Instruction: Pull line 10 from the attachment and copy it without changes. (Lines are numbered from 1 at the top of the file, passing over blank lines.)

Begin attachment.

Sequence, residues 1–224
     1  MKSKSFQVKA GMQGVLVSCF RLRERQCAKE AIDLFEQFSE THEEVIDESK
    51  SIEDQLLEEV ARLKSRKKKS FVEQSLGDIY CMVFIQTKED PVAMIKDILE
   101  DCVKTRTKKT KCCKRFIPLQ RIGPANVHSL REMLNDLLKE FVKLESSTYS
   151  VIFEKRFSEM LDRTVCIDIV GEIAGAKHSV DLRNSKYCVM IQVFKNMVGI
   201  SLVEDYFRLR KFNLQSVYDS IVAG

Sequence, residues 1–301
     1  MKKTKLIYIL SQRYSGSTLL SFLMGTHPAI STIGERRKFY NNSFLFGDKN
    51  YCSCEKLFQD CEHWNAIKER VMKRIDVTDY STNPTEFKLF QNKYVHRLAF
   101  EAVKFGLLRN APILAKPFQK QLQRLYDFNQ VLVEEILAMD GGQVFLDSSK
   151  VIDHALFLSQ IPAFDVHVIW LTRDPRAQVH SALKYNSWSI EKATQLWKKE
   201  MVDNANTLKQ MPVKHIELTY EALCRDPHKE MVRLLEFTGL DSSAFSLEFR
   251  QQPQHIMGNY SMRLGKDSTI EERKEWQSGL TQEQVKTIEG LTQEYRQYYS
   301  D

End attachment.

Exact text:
   101  EAVKFGLLRN APILAKPFQK QLQRLYDFNQ VLVEEILAMD GGQVFLDSSK